The chilling revelation that one in every two female students and one in four male students have been sexually harassed by university staff has spurred a movement to end the scourge.
Sexual harassment includes and is not limited to requests for sexual favors for grades, non-permitted sexual advances, verbal abuse and innuendos.
Students from various Kenyan universities yesterday launched a campaign to tackle such harassment in their campuses.
Dubbed #CampusMeToo and launched at an event held at the University of Nairobi, the campaign is an aftermath of a survey by the UN Women and ActionAid.
Hundreds of students from different universities gathered and have signed a petition to end sexual harrassment in higher learning institutions at the launch of #Campusmetoopic.twitter.com/LbT4SaV5OH
Their report noted first and second-year students, gender non-conformity students and financially vulnerable students were the most affected.
It mentioned that 66 per cent of the cases of sexual harassment came from lecturers. It added that 38 per cent female and 33 per cent male students thought it would be unlikely that the institution will take a report of sexual harassment seriously.
The University of Nairobi said 1,015 students took part in the research. 49 per cent females of the 1,015 had been sexually harassed while 24 per cent of their male counterparts had had a similar experience.
Students who are part of the social justice movement signed a petition to put colleges and university leaders to account. They are demanding that they prioritise policies to ensure protection against sexual violence.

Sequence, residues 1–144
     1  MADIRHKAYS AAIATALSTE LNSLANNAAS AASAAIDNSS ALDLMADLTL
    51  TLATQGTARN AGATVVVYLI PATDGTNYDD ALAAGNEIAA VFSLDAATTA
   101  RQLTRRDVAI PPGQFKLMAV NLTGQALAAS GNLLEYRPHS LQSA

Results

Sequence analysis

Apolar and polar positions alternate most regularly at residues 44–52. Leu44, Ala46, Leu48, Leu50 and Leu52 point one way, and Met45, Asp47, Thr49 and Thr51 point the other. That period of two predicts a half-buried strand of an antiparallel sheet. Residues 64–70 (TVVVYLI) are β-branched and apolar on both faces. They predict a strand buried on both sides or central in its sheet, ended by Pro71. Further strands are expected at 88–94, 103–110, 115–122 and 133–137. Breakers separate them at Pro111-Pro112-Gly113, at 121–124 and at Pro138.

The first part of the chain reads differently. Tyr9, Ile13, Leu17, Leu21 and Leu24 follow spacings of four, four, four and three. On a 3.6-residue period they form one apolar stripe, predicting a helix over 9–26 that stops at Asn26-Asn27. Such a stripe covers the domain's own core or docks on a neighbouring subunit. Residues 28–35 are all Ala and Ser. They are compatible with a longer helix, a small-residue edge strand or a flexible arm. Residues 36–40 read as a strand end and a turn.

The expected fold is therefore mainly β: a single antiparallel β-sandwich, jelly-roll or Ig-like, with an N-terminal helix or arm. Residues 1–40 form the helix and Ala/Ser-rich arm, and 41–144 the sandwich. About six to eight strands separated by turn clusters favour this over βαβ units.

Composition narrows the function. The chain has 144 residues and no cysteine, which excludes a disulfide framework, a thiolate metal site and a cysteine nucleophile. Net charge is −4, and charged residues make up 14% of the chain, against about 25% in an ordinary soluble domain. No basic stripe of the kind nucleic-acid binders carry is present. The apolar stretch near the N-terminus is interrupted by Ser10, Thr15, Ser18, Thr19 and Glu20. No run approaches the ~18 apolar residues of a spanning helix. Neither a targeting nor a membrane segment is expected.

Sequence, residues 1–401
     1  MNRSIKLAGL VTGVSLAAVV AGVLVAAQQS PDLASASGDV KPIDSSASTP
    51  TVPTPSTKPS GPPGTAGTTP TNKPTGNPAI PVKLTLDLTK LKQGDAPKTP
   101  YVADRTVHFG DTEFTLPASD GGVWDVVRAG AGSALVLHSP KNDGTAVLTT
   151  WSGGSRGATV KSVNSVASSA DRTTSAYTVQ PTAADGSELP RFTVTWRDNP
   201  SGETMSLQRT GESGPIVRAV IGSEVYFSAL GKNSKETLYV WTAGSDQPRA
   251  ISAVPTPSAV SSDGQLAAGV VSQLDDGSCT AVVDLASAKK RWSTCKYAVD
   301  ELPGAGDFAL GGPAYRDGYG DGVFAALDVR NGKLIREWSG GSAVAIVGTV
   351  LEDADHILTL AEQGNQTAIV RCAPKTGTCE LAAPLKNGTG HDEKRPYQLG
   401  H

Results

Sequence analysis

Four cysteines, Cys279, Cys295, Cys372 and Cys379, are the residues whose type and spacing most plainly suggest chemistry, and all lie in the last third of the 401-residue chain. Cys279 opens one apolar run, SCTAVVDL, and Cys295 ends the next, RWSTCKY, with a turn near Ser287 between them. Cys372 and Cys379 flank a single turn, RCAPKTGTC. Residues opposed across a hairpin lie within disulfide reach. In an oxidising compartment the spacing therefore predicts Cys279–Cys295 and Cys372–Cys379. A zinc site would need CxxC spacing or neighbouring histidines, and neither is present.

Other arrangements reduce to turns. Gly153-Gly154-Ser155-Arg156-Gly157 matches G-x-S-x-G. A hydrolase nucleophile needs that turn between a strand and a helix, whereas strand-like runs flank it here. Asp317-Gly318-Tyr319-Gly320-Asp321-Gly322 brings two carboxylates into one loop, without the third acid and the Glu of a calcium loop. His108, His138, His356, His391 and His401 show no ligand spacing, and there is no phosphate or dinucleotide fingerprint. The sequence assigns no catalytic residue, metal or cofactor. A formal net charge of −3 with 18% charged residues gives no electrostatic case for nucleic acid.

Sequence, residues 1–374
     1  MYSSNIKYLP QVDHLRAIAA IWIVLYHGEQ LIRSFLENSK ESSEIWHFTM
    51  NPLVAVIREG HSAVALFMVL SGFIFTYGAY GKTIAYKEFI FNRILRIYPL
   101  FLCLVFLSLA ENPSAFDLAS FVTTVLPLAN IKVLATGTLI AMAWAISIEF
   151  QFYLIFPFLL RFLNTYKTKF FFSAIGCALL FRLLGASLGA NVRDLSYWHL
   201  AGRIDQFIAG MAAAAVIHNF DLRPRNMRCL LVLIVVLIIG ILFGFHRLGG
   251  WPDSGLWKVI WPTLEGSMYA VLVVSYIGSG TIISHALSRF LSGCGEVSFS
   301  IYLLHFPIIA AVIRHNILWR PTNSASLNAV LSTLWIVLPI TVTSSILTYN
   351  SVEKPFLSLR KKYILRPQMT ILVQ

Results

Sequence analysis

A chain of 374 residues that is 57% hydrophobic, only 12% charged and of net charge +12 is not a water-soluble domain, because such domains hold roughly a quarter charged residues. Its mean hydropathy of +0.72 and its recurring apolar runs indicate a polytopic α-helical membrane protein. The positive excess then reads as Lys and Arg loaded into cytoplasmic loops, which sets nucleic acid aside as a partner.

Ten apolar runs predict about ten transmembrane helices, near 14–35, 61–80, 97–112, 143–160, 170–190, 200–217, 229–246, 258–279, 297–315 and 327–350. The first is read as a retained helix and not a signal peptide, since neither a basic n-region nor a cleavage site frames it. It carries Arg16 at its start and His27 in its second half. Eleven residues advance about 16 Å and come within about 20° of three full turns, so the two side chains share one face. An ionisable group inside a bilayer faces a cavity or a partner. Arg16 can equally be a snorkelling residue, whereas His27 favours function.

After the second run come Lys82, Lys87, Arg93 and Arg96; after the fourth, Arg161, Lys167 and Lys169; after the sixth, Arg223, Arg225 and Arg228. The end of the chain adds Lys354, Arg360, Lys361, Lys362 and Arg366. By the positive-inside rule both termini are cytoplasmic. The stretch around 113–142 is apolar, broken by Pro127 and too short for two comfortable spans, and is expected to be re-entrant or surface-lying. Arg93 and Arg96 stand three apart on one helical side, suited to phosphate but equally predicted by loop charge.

They proposed mandatory induction sessions for newly enrolled students and training sessions for university staff in terms of prescribed sexual harassment policies.
The students further want an investigation committee appointed on all campuses that will handle sexual harassment cases.
The campaigns project coordinator Macrine Ondigo said they will not relent on the push as sexual harassment undermined “human rights and unfairly deprives the youth of Kenya a safe environment in which they can thrive, innovate and contribute positively to their personal and educational development.”
Opinion on who should shoulder the blame is, however, polarised with some proponents says the allure of a quick and good life was making the vice thrive in universities.
They blamed students who gave in to the demands of their abusers for exchange of rewards such as money.
The petition will be submitted to the Ministry of Education, who they want to commit to ensuring higher learning institutions uphold the laws on sexual harassment outlined in the Sexual Offences Act section 23 and 24, on December 10, 2019.
The campaign comes weeks after a BBC documentary titled ‘Sex for Grades’ exposed how lecturers in West African institutions of higher learning preyed on their students.
The exposé caused a stir in the social circles and drew global attention.
Notably, South Africa also launched #AmINext movement, which protested increasing rates of gender-based violence and femicide-gender based violence targeting ladies.
It is as an extension of the worldwide #MeToo Campaign – a movement raising awareness of the prevalence and pernicious impact of sexual violence.
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